Barraclough: The dairy market is becoming increasingly international. It’s becoming increasingly branded. Compared with other sectors, it was very local and had quite a lot of local brands. Now, it’s becoming a lot more cosmopolitan. With that come costs and nobody can afford to have individual brands in individual countries. All big corporations decide to build fewer, bigger, better brands. You’ve got the likes of Danone, Lactalis, Bongrain and they are all developing the same brands across certain geographies. You can’t just go ahead any more and have individual pockets. I think that is a trend. Not everybody chooses to do so through umbrella endorsement but I think everybody is aware of the fact that brands are built through investment. Those funds are limited so the number of brands is limited as well.

just-food: Has the challenging economic landscape and the need to reduce costs to protect margins been a driver behind Emmi’s consolidation of its brands?

Barraclough: I’m not sure that the economic situation has intensified that. It’s certainly not a driver for us. It’s a general trend in brands entering the dairy category that previously weren’t quite as strong. It’s always the same: big companies, big brands, with investment come into categories and change the nature of competition.

just-food: How would you describe the Swissness element of Emmi’s new marketing strategy to the average consumer?

Robin Barraclough

Emmi’s head of marketing Robin Barraclough

Barraclough: It’s all about authenticity, natural ingredients, trust. Switzerland has got this great benefit that it has almost got organic connotations with the way cattle is kept, of having small farms out on green pastures and not being as industrialised. It’s all about naturalness, authenticity, knowing where products comes from and being able to trust the origins. We see that as being core to Switzerland and being fundamental to our products. That’s where we come from, that’s how we produce our products, that’s where we source our milk from so why shouldnt we capitalise on that? That’s why we’re focusing more on our origins.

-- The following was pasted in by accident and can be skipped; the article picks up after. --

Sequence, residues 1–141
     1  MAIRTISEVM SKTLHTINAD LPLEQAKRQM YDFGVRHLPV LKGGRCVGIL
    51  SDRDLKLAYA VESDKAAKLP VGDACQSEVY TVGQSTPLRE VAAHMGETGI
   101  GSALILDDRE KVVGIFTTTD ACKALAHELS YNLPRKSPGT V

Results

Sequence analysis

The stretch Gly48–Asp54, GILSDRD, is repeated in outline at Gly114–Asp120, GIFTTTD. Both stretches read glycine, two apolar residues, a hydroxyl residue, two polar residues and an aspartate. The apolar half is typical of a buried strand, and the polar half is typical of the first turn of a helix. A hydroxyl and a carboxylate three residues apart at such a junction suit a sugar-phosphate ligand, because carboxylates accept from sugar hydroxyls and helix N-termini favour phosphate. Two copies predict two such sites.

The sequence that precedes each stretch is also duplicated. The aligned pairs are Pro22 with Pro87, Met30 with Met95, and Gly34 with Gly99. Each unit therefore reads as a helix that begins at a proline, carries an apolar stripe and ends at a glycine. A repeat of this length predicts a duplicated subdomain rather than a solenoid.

just-food: Are you concerned that those “organic connotations” could mean consumers assume Swiss dairy products are more expensive than the competition?

Barraclough: Switzerland has the connotation of being more premium. There’s no denying that. There’s also the connotation of high quality, as long as the value for money is right – and we believe the value for money is right – then we are by definition not going to appeal to everybody. We are going to be appealing to more discerning people who will care about the quality of the ingredients, certain taste aspects and want to know where things come from. So we appeal to those people and we are not worried about that image.